I saw "The Social Network" this weekend and I liked it a lot.
This review, sadly, will mostly poke holes in areas it got wrong. But it's still excellent and absolutely a must-see movie. Warning, some minor spoilers abound...
About 22 seconds in you can tell it's written by Aaron Sorkin. In the very first few moments of the film, the characters start engaging in a rapid, intellectual, funny mmm hmm (as opposed to funny ha-ha) joust -- and it never relents. For two hours, it never relents. Fortunately, the dialogue is sharp and really strong -- and, most importantly, this keeps Sorkin away from writing sketch comedy.
It's based on reality the way reality TV is based on reality. That is to say -- the very foundation of this movie is truth, but the entire house built upon it is made to look as flashy, sexy and grandiose as possible. It's taken a piece of land designated for a two-bedroom ranch and turned it into a 15-story castle. Everyone involved has admitted it's sensationalized, and that's fine -- the story works, and it's really compelling.
I've programmed websites. They do not make for captivating stories. Even if you're screwing over your best friends during your coding breaks, at the end of the day, launching a website is mostly about scrunching over your keyboard optimizing MySQL queries and saying things like, "Why does Internet Explorer have to exist?"
A lot of sex and drugs are added where they clearly didn't exist. It's nice to think that being a 20-year-old who starts a billion dollar company you would have gorgeous groupies mauling you in bathroom stalls or parties at sorority houses where people are doing rails (of cocaine, not Ruby on Rails) off the naked torso of a comely co-ed. At this point, fittingly enough, those scenarios are far more likely to happen to Jesse Eisenberg than Mark Zuckerberg.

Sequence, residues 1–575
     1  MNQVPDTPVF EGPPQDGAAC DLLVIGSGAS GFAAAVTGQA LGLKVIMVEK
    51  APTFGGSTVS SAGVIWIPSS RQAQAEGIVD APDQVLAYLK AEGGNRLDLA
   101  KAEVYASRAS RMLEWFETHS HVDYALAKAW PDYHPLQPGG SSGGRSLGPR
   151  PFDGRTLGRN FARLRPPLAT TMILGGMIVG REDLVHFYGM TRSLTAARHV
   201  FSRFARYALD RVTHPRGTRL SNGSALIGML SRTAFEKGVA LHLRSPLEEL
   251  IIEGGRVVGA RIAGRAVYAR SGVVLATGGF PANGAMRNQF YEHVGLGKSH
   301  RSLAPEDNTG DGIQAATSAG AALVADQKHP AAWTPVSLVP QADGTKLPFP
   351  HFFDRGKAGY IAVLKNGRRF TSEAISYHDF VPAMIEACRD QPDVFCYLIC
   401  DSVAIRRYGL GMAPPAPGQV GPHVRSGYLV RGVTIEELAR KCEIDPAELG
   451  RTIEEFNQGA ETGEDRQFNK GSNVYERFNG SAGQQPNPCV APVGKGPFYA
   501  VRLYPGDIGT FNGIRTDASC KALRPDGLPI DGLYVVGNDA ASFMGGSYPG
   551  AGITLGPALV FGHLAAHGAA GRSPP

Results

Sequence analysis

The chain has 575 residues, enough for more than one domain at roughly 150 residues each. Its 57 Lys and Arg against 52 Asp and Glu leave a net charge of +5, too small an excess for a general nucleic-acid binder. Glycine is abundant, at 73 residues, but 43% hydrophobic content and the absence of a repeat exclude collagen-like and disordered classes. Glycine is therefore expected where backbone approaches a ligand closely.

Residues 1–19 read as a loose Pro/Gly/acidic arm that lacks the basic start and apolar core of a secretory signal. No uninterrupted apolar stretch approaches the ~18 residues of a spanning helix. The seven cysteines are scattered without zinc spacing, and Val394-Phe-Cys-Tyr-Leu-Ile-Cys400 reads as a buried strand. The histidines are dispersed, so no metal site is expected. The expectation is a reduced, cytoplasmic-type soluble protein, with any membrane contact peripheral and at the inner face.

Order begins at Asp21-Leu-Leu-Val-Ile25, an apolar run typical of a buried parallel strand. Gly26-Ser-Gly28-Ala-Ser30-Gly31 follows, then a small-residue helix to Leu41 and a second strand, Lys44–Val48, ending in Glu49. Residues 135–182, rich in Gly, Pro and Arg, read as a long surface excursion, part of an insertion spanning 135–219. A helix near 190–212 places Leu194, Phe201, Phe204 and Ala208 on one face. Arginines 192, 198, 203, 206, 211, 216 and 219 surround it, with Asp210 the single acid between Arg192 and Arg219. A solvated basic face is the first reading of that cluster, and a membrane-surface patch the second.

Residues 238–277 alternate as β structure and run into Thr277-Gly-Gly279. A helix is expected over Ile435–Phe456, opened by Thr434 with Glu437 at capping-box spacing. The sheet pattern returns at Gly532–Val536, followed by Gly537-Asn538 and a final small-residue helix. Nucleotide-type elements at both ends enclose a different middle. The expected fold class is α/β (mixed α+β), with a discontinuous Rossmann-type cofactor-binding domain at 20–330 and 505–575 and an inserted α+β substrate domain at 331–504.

Left, Jesse Eisenberg. Right, Mark Zuckerberg.
Jesse Eisenberg cements himself as the dramatic version of Michael Cera. Jesse Eisenberg has been fighting the Michael Cera comparison since they both started showing up in movies. Awkward, skinny, bumbling, goofy charming anti-leading men. And until now, Eisenberg was most commonly viewed as a poor man's Michael Cera. This movie should change his reputation to being the dramatic Michael Cera. His acting is solid, particularly this one blank stare thing he does where he makes it look like Mark is both zoning you out and simultaneously outthinking you.
Having twins played by one actor seems very unnecessary. One actor -- a guy named Armie Hammer -- played both of the anti-Mark Zuckerberg (rich, privileged, WASPy, athletic, entitled, refined, etc.) twins in the movie. Seems SO unnecessarily complicated. They couldn't find ONE set of WASPy twins for the role? This wasn't like Eddie Murphy playing the Klumps. Are twin actors outraged over this, like gingers when a girl dyes her hair red to play Annie?
This girl conveniently believes that Sean Parker, not Shawn Fanning, is the face of Napster.
This movie is NOT about women's empowerment. Does Aaron Sorkin still have beef with women? I thought he'd cleared up all of his vendettas as he drove "Studio 60" into the ground. Anyway, in "The Social Network" there's no female hero to be found in this movie. Women are props, and bad ones. Other than the (completely fictitious) girlfriend who dumps Mark at the beginning, other women come off as crazy, slutty, lemmings for Facebook, website traffic capital, or all four. In fact, the whole plot that Mark originally realized the power of putting Harvard's social life online when he created a misogynistic hot-or-not-esque site called Facemash completely leaves out the fact that men's photos were included as well. It's forcing misogyny where it (seemingly) didn't exist. Plus, Facebook wasn't founded so Mark could impress a girl who'd dumped him... he had a girlfriend (and still does) during the development process.